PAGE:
Scaled Agile Framework, also known as SAFe, is an enterprise-level development methodology developed by Scaled Agile, Inc. SAFe combines lean and agile principles in a template framework. Proponents of SAFe claim that it offers significant increases in employee engagement, higher productivity, faster time to market, and overall higher quality.
In this article, we will delve into what exactly SAFe is, how it is typically implemented, and the pros and cons of using the scaled agile framework methodology throughout the software development lifecycle. Let’s do it!
What is Scaled Agile Framework?
For a visual overview of SAFe, the Scaled Agile Framework home page flowchart is a great tool. However, to really understand how SAFe works, we need to take a closer look at some of the basic components.
SAFe draws heavily on the core principles of Lean and Agile, which it adapts to form the nine principles of SAFe LeanAgile:
- Think Economically: Delivering the best value and quality to people and society in the shortest possible time requires a fundamental economic understanding of the plant manufacturer’s mission.
- Applying Systems Thinking: At SAFe, systems thinking applies to the organization creating the system, as well as the system under development, and also how that system works in its end-user environment.
- Assume variability; Retain Options: Lean system developers retain multiple design requirements and options for a longer period of time in the development cycle. The empirical data is then used to narrow the focus, resulting in a design that produces better economic results.
- Incremental creation with fast, integrated learning cycles: Increments offer the possibility of rapid customer feedback and risk reduction and also serve as minimally practicable solutions or prototypes for market testing and validation.
- Basic Milestones for Objective Assessment of Working Systems: In LeanAgile development, each integration point provides a target milestone for evaluating the solution frequently and throughout the development lifecycle. This objective evaluation ensures that a continuous investment generates an adequate return.
- Visualize and limit WIP, reduce batch sizes and manage queue lengths: The three main keys to implementing flow are: 1) Visualize and limit work-in-process effort to limit demand to actual capacity, 2) Reduce batch – Work item sizes to facilitate reliable flow through the system and 3) manage queue lengths to reduce wait times for new skills.
- Apply Cadence, Sync with Cross-Domain Planning: Cadence turns unpredictable events into predictable events and accelerates development. Synchronization allows multiple perspectives to be understood, resolved, and integrated simultaneously.
- Unlock the intrinsic motivation of knowledge workers: Providing autonomy, mission, and purpose, and minimizing constraints, leads to higher levels of employee engagement and results in better results for customers and the company.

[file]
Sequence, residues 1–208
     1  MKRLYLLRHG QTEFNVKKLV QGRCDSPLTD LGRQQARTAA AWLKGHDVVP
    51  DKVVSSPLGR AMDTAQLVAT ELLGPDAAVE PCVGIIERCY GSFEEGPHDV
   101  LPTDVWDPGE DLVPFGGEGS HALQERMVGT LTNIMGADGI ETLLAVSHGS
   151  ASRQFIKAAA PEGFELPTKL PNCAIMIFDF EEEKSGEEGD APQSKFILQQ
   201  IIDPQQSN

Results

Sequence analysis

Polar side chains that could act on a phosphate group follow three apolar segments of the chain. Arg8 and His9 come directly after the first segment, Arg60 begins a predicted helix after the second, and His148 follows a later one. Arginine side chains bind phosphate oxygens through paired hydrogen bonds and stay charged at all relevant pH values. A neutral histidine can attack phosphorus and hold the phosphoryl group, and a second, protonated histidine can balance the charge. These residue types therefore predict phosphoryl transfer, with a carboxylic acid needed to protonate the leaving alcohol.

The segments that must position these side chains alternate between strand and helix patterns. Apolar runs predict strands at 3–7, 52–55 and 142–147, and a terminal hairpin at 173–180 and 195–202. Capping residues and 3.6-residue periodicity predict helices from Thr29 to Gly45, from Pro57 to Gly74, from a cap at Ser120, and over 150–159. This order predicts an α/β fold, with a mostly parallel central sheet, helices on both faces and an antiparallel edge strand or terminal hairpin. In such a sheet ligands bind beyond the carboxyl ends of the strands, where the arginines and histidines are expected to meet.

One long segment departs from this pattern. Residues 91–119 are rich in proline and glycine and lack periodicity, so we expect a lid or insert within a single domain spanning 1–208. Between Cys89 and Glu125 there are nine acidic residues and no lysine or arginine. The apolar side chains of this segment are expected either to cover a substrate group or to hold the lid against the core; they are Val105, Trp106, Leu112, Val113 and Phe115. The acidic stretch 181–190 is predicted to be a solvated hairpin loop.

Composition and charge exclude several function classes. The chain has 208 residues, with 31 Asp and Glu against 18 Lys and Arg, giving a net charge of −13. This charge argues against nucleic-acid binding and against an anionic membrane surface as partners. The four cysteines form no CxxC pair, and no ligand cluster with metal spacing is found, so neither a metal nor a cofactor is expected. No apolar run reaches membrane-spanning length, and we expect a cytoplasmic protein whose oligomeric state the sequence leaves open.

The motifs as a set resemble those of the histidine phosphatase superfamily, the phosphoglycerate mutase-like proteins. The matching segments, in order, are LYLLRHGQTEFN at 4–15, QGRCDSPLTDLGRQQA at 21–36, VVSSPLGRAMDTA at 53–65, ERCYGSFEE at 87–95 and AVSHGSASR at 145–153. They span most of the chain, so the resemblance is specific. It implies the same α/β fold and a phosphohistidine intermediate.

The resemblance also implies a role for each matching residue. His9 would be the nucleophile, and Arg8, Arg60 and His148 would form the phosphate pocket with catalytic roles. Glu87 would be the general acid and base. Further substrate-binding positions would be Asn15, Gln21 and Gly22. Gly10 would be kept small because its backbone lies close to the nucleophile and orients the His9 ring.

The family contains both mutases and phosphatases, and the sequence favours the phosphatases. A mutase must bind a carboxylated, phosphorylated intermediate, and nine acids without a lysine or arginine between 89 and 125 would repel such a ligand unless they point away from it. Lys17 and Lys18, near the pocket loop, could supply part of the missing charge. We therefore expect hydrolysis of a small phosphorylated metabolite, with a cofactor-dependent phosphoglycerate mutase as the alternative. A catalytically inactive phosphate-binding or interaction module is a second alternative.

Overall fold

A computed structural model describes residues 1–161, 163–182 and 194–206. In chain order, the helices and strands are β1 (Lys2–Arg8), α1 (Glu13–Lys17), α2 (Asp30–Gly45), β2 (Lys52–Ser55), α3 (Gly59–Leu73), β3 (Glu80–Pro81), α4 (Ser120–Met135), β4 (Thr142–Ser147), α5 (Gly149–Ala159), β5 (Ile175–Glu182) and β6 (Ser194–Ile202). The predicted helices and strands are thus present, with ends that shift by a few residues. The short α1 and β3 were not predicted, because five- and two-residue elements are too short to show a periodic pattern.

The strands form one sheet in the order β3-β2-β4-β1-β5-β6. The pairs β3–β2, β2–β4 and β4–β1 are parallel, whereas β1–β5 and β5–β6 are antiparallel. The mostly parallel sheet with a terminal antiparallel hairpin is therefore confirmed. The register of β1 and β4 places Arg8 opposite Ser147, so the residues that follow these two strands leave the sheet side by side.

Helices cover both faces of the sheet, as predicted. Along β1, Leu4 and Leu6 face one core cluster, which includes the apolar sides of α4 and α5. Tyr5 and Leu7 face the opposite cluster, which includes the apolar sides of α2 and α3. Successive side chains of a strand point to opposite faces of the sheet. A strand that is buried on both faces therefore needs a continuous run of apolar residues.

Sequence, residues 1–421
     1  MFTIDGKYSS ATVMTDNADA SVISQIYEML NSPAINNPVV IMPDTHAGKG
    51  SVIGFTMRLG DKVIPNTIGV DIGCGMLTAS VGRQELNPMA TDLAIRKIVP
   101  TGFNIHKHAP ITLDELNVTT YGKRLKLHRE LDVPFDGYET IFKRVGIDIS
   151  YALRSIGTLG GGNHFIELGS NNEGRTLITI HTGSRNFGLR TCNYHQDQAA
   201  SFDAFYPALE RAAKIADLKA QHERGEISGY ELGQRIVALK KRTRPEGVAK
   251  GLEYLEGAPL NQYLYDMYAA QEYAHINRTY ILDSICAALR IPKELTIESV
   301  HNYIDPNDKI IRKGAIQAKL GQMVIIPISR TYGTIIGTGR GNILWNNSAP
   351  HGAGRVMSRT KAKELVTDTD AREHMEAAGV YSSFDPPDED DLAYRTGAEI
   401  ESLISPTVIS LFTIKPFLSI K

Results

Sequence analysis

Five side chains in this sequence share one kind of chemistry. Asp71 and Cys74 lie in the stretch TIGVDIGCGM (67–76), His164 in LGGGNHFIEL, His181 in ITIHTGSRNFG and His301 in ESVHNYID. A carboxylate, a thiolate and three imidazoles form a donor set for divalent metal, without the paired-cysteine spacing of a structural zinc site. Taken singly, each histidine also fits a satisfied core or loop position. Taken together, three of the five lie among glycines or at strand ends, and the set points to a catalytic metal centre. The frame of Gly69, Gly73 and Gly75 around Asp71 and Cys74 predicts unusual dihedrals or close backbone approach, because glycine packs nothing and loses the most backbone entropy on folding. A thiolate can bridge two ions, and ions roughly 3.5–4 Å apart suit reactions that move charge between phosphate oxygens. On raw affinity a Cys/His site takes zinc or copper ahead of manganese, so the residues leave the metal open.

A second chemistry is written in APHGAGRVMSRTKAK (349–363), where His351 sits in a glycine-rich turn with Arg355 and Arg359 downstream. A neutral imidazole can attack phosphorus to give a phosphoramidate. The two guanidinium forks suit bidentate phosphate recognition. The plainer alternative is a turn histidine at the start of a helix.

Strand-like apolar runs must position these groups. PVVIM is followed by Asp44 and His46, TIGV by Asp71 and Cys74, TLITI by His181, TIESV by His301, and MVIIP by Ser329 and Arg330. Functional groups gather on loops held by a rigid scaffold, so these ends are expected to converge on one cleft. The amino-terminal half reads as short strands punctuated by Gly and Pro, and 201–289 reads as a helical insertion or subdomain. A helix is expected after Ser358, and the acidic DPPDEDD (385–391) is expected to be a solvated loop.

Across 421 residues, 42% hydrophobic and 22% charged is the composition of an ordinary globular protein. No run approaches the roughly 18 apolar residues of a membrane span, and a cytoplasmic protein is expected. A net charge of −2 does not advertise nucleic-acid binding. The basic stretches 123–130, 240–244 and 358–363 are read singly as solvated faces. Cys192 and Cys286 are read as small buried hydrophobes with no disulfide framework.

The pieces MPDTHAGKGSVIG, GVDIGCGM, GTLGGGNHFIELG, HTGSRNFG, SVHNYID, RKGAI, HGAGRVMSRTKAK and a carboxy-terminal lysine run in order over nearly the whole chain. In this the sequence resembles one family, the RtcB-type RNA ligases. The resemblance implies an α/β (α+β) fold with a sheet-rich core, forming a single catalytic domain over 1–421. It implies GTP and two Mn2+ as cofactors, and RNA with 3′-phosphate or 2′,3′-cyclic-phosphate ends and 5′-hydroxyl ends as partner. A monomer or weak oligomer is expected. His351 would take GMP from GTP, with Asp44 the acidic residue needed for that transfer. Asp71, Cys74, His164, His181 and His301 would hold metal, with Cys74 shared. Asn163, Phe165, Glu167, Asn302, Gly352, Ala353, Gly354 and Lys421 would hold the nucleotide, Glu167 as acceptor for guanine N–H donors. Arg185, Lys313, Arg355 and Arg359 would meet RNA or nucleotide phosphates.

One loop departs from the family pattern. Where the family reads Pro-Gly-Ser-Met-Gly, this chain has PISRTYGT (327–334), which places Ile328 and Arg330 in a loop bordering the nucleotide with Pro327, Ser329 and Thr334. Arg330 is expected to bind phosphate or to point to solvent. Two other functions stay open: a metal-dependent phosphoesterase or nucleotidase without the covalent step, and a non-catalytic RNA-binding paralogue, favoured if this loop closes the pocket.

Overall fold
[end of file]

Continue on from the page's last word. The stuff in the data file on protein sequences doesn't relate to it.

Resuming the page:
- Decentralized decision making: Decentralized decision making shortens lead times, improves the flow of product development, and enables faster feedback and more innovative solutions. However, some decisions are strategic, global in nature, and offer sufficient economies of scale to justify centralized decision-making.
The Agile Framework at Scale seeks to integrate the various lessons of Lean and Agile methodologies into its core principles, which are then used to make substantial improvements in time-to-market, employee engagement, quality, and productivity.
Agile Release Trains
An Agile Release Train, or ART, is a fundamental concept in the agile at scale framework. ART is SAFe’s primary method of delivering value. Agile teams are small groups of individuals who focus on defining, building, and testing solutions in a short period of time. An ART is a group of self-organizing, long-term agile teams (a team of teams, if you will), with the goal of planning, validating, and executing solutions together. Built around the organization’s key value chains, an agile release train exists only to deliver the value promised by creating solutions that benefit the customer.
The use of tools such as a common vision, roadmap, and program backlog and ART aims to achieve goals within a specific time frame, known in SAFe as program increments (eg a 10-week period).
Given the size and scope of SAFe, proper implementation can be quite intimidating, especially in the beginning. Since a full explanation of how to implement SAFe would take tens of thousands of words – and because more detailed information is available on the official website – we will give a brief overview of the implementation here:
Train implementers: Due to the scope and challenge required when adopting from SAFe, most organizations require a mix of internal and external mentors and coaches. These people should be able to easily learn SAFe techniques and pass them on to others throughout the organization.
Educating Executives, Managers, and Leaders: The first group of implementers should first focus on educating all executives, managers, and leaders. Once these core team members understand the LeanAgile mindset, SAFe fundamentals, and implementation techniques, the process will flow much smoother for the entire organization.
Building teams: Individuals should initially be organized into agile teams, all of which can then be trained on the various Lean, Agile, and SAFe principles.
Launch Agile Release Trains: Once the organization is properly formed, it’s time to group Agile teams into ART and then generate models for objective planning, program execution, program planning, program increment, and any other components needed for a successful Agile Train release.